Hamilton's revitalization continues, leaving some behind: Vital Signs report
Housing prices are multiplying at higher rates than income increases creating inequalities
Hamilton continues to prosper, but "inequalities remain significant" according to a report released today.
This year's Vital Signs report highlights a growing arts scene, higher graduations rates and low unemployment as indicators that Hamilton is on a positive incline, but the city's resurgence isn't benefiting all, leaving some Hamiltonians at a larger disadvantage.
The report, done by the Hamilton Community Foundation looked at quality of life in 10 areas including the arts, economy, education, health, safety, housing, environment and citizen engagement.
According to the report, many visible minorities, recent immigrants and Indigenous people are twice as likely to live in poverty as other Hamiltonians.
In the last year, almost 15 per cent of Hamiltonians reported experiencing some food insecurity with 4.2 per cent reporting severe food insecurity. In spite of progress made reducing child poverty, the Hamilton rate remains above provincial averages, says the report.
"There are remarkable signs of progress that demonstrate that working together we can make a difference. Yet disparities between some neighbourhoods and groups remain troubling," said Terry Cooke, president and CEO of Hamilton Community Foundation in news release.
"Too many families still rely on food banks, waiting lists for social housing have gotten longer and race and gender continue to be markers of deep inequality," said Cooke.
Vital Signs has been taking a close look at the city for the past eight years.
Here's a snapshot at the good, bad and troubling gaps from the report.
- The March 2018 unemployment rate for the Hamilton census metropolitan area was 5.3 per cent, lower than the provincial 5.5 per cent and national 5.8 per cent averages.
- In 2017, the city of Hamilton issued building permits valued at over $1.36 billion, an increase of 29 per cent over 2016 ($1.06 billion), and the highest since 2012 ($1.5 billion).
- Hamilton continues to have one of Canada's most diverse economies and 2017 was a strong year for job growth across all sectors.
- Crime rates are on the decline.
- Increases in high school graduation rates and post-secondary school attendance
- Continued improvements in reducing air pollution
- Overall reductions in poverty and homelessness
- Over the past four years, the city and community agencies have successfully housed 631 people who were homeless.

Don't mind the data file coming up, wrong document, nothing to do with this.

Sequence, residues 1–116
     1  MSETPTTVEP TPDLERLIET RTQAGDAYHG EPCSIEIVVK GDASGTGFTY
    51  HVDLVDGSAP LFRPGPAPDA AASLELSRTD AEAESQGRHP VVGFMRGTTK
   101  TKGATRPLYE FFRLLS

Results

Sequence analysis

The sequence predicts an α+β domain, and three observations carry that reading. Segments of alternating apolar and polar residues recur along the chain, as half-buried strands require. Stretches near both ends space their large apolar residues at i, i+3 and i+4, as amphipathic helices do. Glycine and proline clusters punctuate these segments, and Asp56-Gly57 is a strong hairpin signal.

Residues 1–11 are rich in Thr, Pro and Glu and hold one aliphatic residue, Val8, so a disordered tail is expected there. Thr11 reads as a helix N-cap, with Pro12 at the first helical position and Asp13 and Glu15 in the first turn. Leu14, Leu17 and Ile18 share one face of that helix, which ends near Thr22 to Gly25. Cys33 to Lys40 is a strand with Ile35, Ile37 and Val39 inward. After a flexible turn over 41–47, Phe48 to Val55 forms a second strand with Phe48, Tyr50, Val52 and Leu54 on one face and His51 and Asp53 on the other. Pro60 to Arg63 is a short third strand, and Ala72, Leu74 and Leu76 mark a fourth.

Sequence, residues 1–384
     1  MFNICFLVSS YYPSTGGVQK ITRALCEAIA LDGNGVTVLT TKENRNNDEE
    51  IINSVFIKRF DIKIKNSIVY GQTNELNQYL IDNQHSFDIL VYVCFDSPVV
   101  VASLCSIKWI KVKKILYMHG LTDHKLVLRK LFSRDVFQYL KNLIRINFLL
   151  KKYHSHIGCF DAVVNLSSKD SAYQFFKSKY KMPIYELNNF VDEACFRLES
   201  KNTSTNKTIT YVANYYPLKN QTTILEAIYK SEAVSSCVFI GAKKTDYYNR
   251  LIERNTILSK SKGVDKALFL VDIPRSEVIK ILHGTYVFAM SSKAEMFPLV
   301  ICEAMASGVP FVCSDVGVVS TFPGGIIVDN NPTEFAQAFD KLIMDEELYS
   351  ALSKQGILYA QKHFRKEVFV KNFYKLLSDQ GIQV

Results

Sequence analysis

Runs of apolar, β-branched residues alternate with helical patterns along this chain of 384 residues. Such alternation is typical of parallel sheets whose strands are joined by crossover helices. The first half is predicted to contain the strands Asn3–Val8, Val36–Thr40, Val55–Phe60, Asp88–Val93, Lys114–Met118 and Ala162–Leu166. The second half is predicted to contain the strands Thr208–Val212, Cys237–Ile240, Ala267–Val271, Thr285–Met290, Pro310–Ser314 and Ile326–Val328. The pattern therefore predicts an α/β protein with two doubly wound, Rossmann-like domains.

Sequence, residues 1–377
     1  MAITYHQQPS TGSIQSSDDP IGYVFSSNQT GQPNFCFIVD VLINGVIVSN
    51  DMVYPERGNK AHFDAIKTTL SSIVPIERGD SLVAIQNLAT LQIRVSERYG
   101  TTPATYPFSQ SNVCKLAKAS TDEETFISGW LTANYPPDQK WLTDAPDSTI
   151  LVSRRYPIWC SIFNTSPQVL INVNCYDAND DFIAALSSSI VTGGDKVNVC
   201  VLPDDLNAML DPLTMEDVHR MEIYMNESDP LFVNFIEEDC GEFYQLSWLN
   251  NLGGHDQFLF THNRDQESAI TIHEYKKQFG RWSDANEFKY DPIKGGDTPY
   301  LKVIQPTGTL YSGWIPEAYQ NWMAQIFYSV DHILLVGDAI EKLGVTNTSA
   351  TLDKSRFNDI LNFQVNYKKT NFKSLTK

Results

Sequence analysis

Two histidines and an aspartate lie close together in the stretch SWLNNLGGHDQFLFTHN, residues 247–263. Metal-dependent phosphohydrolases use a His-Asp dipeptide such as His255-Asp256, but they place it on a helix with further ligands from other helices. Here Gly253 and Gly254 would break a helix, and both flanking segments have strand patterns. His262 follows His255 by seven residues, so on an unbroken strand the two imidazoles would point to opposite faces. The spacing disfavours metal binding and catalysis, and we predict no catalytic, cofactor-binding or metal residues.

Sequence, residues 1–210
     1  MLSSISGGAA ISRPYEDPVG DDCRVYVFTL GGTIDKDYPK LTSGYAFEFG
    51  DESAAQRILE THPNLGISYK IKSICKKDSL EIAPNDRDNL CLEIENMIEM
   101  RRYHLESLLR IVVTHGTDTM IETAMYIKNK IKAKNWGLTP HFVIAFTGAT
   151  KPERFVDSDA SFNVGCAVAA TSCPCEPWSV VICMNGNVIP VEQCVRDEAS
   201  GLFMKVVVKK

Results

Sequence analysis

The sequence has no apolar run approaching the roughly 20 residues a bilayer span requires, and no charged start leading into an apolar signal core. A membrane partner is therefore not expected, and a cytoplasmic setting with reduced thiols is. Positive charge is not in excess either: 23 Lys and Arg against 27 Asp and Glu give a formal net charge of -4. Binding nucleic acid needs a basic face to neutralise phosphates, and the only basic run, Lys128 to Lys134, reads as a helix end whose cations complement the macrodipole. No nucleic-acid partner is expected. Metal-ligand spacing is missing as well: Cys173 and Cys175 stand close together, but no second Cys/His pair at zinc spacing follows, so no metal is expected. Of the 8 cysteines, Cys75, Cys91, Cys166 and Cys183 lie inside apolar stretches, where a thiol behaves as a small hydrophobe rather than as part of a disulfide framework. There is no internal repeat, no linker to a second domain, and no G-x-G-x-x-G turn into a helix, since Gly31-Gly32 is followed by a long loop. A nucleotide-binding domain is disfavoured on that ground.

- Drastically reduced teen pregnancies and strong economic indicators
- The past decade in Hamilton has seen a 23 per cent increase in the number of people working in cultural occupations to 8,975 in 2016.
- In 2017, there were 336 festivals and events held outdoors on City of Hamilton property, up from 302 in 2016, and 288 in 2015.
- The past decade in Hamilton has seen a 23 per cent increase in the number of people working in cultural occupations to 8,975 in 2016. Hamilton is slightly above the national average in artists (0.81 per cent vs. 0.78 per cent) as a percentage of the labour force, and slightly below for cultural workers (3.3 per cent vs. 3.8 per cent).
- In Hamilton, there are just over 200 kilometres of designated bike lanes, an increase of 130 kilometres since 2007.
- Motor vehicle collisions and police-reported hate incidents are on the rise.
- More waste is going to landfills. In 2017, only 42 percent of waste from green bin, blue box and leaf/yard waste was diverted from the landfill, down from 49 per cent in 2010
- Voter turnout is low for municipal elections. Just 34 per cent of eligible Hamiltonians voted in the 2014 municipal election, a decrease from the 40 per cent turnout in 2010.
- Over four out of five (83 per cent) Hamilton workers travelled to work by car according to the 2016 census — unchanged from 2006, and higher than the 79 per cent provincial average.
- Hamilton's youth are less active than their Ontario counterparts, and obesity rates are trending up for all ages.
The troubling gaps
- Many families still rely on food banks and waiting lists for social housing have gotten longer.
- Inequality between the richest and poorest neighbourhoods continues and reflects harsh disparities by race and gender.
- Rents and house prices have increased at rates that far exceed those of average household income.
- Overall emergency shelter use is decreasing — but for women, demand continues to exceed supply.
- Over the past four years, Hamilton has had some of the fastest rising house prices in Canada. Average Hamilton homebuyers can now expect to spend six times their annual income on a house purchase, up from 3.5 times in 2010.
- Since 2012, Hamilton rents have risen 4.1 per cent annually, Southern Ontario's fastest increase, and twice the rate of inflation.
- Supply has also tightened: Canada Mortgage and Housing Corporation considers a 2 per cent - 3 per cent rental vacancy rate to be "healthy". Hamilton's 2017 vacancy rate for all apartments dropped to 2.6 per cent from 4.6 per cent in 2016, and the city-wide vacancy rate for the most affordable units was 2.1 per cent.
- Using the Statistics Canada Low Income Cutoff, poverty rates for Hamilton have dropped to 16.7 per cent, from 19.8 per cent in 2000, but remain above provincial (13.7 per cent) and national (12.8 per cent) averages.
- Poverty rates vary by neighbourhood and group. Indigenous people, recent immigrants, many visible minorities and lone mother families experience twice the rate of poverty as the general population.
- Greater Hamilton Foodshare tracks food bank usage across Hamilton, and in 2017 reported that over 5,200 households used a food bank. These households included almost 8,000 adults and 4,600 children.